Based off a Twitter thread created by Buzzfeed writer Adam Ellis in 2017, in which he describes his encounter with a ghost, Dear David is a ghostly goings-on horror movie. One that has a solid premise and a good lead actor, but falls apart when it comes to telling a coherent and frightening story.
Directed by John McPhail, from a screenplay Mike Van Waes, who co-wrote the story with Evan Turner, Dear David stars Augustus Prew, Andrea Bang, René Escobar Jr., Cameron Nicoll, and Justin Long.
Prew plays the character of Adam Ellis, a visual artist who works for the Buzzfeed website creating comic strips and artwork. The cut and thrust of the digital world doesn’t gel with him though and he feels pressure to up his ‘numbers’ and make an impact. It also doesn’t help that he struggles to let troll comments pass by.
It’s not just his professional life where he is struggling though, but his personal life too. Unable to match the love and affection shown by his partner Kyle, Adam comes across disinterested and unattentive.
When Kyle leaves to spend time with his mother, Adam gets drunk and decides to answer the online trolls. Which anyone who uses the internet will tell you, is a terrible idea. Especially when Adam suggests one troll should go and ‘die in a fire’. This gets the attention of an account called Dear David, one that demands you ask three questions.
This is the legend of Dear David, and should three questions be asked, you will die. A little freaked out by the account, Adam logs off, but David is not done with him. He wants his questions to be answered and starts to haunt Adam. Which prompts the man to go online and detail the events that are happening to him.
It is attention-grabbing stuff, but all Adam wants is answers, and to be left alone.
Internet based horror is extremely hit and miss, and Dear David does little to change that. Offering up a standard ghostly horror that feels dated already and ends up tying itself in knots with convoluted story beats. This is a classic example of where a film should have kept it simple, upped the frights, and been brave.
If that wasn’t enough of an issue, its tone is all over the place. On the one hand, it’s a straight-up ghost mystery with human drama. On the other, it’s self-referential and attempts to have comedic moments. Most of which take place within the Buzzfeed offices.
While it’s not uncommon to see this, Dear David fails to understand that the overall film has to have a lighter tone then. From silliness and winking at the camera, straight to relationship drama and night terrors. It’s such a juxtaposition that it actually becomes jarring to watch.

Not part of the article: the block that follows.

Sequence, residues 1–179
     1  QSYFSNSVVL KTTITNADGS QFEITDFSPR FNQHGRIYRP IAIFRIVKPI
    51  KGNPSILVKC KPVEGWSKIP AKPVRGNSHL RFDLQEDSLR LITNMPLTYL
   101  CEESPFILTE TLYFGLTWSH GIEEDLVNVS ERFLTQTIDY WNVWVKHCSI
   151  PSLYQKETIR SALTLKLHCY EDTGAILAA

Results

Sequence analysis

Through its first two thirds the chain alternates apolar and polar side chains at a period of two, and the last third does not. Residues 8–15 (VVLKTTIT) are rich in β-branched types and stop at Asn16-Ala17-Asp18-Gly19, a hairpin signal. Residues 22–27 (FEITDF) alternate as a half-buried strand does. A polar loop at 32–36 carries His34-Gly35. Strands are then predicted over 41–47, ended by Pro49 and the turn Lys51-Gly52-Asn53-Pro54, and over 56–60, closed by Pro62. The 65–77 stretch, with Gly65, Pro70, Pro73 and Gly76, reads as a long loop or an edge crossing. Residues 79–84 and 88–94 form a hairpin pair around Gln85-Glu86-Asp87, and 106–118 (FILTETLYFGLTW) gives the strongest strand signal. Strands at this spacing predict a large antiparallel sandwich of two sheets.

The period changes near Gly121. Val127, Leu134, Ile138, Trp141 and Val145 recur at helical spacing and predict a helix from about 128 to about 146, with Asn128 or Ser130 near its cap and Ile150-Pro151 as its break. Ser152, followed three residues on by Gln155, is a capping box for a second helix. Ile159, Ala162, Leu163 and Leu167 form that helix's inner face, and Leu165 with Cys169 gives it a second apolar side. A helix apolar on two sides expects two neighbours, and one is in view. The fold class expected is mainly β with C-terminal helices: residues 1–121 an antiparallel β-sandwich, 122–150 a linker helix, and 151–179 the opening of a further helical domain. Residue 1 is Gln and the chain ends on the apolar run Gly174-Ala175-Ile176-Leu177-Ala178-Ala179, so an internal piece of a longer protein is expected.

It doesn’t help either that Adam’s relationship woes are extremely half-baked, which include those of his friends/colleagues.
This could be overlooked if the movie made up it in the horror department, but that is also an area it is found lacking. First, the set-up feels inconsequential and over the top. Adam acts like it’s his first day on the internet, getting up upset because someone said his art was bad, and engaging with anyone that leaves a negative comment. Yet, those comments are super-tame by actual internet standards and even Adam’s ‘die in a fire’ response doesn’t seem to warrant the excessive series events that follow.
Perhaps if the story had been trying to say something about the cycle of abuse and trolling that exists on the internet, and how words can affect a person, this might have been passable. However, it’s not. Dear David isn’t saying anything of worth.
Second, the actual frights, and it’s tried and tested jump scares with very little imagination here. There’s plenty of time to watch Adam sitting around on his computer or phone wondering if he should call his partner, but no time to build tension or atmosphere.
All of this is frustrating too as the mystery around David is interesting, Augustus Prew is a good actor, and some of the visual tricks and effects are notable. Yet, the longer the film goes on, the less it holds the attention. This, made all the worse by a story that starts to get complicated and unclear. Come the end, most will feel wholly unsatisfied by the Dear David experience and, if you have no idea about its origins, left wondering what all the bloody fuss was about.
Dear David (2023)
The Final Score - 4/10